Friday, September 10, 1999 Published at 18:17 GMT 19:17 UK
Doctors hail 'miracle' baby
Father Mark Ingram: "The luckiest man alive"
A hospital says it has created medical history by successfully delivering a baby that developed outside the mother's womb during a multiple birth.
The hospital said it was the first reported case of the multiple birth of babies that had developed both inside and outside the womb.
Ronan, Olivia, Mary and their mother are doing well, a hospital spokesman said.
Jane Ingram, 32, had not been taking fertility drugs but discovered she was carrying triplets 18 weeks into the pregnancy.
In an ectopic pregnancy the woman's fallopian tube ruptures, usually leading to loss of the pregnancy and massive internal bleeding which can prove fatal for the mother.
But in Ronan's case, when the tube ruptured the embryo attached itself to the mother's uterus and created its own "womb", with its own blood supply, in the mother's abdominal cavity.
Scans at the time showed only a normal twin pregnancy and it was not until much later doctors discovered the truth.
Consultant obstetrician Dr Davor Jurkovic, who delivered Ronan, along with his two sisters, said it was a "miracle" that the triplets and the mother had survived.
And Mrs Ingram's bravery had been central to the success of the birth.
"Jane was absolutely incredible. The attitude of the patient in situations like this is crucial and her attitude was always positive," he said.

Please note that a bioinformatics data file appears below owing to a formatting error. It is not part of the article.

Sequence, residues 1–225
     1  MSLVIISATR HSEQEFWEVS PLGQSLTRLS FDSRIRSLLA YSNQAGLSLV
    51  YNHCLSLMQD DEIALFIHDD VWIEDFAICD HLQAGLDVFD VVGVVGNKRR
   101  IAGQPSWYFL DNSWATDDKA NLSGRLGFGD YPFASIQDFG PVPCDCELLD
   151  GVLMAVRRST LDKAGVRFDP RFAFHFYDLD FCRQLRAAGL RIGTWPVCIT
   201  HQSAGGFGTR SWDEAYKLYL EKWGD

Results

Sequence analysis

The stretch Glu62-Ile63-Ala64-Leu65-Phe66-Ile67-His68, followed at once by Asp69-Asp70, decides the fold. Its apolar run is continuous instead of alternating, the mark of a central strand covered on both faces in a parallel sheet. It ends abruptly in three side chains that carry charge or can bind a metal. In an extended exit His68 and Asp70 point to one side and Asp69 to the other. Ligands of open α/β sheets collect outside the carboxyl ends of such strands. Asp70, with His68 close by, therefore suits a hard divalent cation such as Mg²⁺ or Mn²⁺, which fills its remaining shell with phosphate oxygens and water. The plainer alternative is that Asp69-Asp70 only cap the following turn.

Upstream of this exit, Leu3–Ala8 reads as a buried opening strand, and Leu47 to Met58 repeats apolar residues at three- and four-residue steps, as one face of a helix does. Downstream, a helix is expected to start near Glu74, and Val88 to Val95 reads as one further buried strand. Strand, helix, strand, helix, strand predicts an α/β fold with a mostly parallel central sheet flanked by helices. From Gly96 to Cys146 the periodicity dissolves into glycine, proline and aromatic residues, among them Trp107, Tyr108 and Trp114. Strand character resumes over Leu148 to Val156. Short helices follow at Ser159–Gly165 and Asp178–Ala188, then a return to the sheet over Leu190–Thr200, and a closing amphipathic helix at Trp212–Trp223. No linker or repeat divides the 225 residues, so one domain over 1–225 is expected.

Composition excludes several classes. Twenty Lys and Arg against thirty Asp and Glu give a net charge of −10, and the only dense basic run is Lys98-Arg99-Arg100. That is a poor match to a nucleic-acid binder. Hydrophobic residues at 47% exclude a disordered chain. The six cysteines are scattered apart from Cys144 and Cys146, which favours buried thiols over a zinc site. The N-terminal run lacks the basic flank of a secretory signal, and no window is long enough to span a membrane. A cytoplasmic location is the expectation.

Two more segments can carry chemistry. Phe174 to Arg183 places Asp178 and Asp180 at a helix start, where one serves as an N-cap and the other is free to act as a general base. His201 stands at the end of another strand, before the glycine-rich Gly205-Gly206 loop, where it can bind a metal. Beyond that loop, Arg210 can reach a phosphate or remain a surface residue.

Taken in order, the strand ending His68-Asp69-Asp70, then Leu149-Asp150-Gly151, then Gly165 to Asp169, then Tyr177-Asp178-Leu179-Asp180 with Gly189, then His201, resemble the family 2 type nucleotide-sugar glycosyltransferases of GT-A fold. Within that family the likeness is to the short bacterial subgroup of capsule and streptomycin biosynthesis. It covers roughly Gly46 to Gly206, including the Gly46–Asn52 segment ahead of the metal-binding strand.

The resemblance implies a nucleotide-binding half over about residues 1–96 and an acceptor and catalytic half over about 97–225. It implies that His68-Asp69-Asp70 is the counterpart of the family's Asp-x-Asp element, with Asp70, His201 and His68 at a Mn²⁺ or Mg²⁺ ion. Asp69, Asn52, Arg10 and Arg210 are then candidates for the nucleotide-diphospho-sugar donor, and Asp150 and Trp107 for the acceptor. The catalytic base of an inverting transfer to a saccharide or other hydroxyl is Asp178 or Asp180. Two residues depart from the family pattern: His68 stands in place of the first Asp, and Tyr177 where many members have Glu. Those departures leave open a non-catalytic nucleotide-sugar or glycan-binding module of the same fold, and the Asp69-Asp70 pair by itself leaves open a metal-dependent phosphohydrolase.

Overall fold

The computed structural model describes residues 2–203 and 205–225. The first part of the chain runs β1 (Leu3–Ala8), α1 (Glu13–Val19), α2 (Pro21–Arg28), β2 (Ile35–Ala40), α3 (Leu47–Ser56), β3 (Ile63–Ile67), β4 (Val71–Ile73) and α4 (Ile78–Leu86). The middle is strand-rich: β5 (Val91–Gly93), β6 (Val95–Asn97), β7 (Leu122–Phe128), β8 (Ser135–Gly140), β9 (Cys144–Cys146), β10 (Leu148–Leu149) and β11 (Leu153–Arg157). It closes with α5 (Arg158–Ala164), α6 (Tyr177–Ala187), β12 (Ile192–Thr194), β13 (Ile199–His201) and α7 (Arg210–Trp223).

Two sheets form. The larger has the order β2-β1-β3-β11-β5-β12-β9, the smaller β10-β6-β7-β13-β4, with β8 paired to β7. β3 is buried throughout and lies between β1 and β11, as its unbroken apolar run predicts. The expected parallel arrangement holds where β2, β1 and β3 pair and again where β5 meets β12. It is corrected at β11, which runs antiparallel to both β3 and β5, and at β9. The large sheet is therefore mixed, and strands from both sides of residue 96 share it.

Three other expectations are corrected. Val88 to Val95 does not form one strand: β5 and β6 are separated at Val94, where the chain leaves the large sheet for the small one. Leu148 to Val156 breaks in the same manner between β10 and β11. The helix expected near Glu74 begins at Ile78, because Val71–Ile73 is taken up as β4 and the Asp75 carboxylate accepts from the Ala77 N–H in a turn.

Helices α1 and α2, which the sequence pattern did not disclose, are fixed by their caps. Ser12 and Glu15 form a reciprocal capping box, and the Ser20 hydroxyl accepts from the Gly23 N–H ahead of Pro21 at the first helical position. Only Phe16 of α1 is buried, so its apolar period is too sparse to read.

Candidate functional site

"She was very, very positive in everything we did and that was crucial. Just before the babies were delivered she turned to me and said 'I have faith in you'."
The triplets' father, a factory hand, told the Sun newspaper: "I'm the luckiest man alive, I can't wait for my family to come home."
Following the birth, the babies were taken to the hospital's intensive care unit.
"But happily those concerns have not materialised. If anything he has been more robust than his sisters.
"He achieved natural respiration and came off the ventilator before the other two - perhaps because his lungs had to develop and were given the exercise they needed."
Mrs Ingram is expected to leave hospital soon, although doctor will have to monitor her progress as they were unable to remove the placenta Ronan developed from her stomach.
"She has almost completely recovered. She will have to be monitored closely over the next few weeks to ensure that the placenta does dissolve and that there are no complications," Dr Jurkovic said.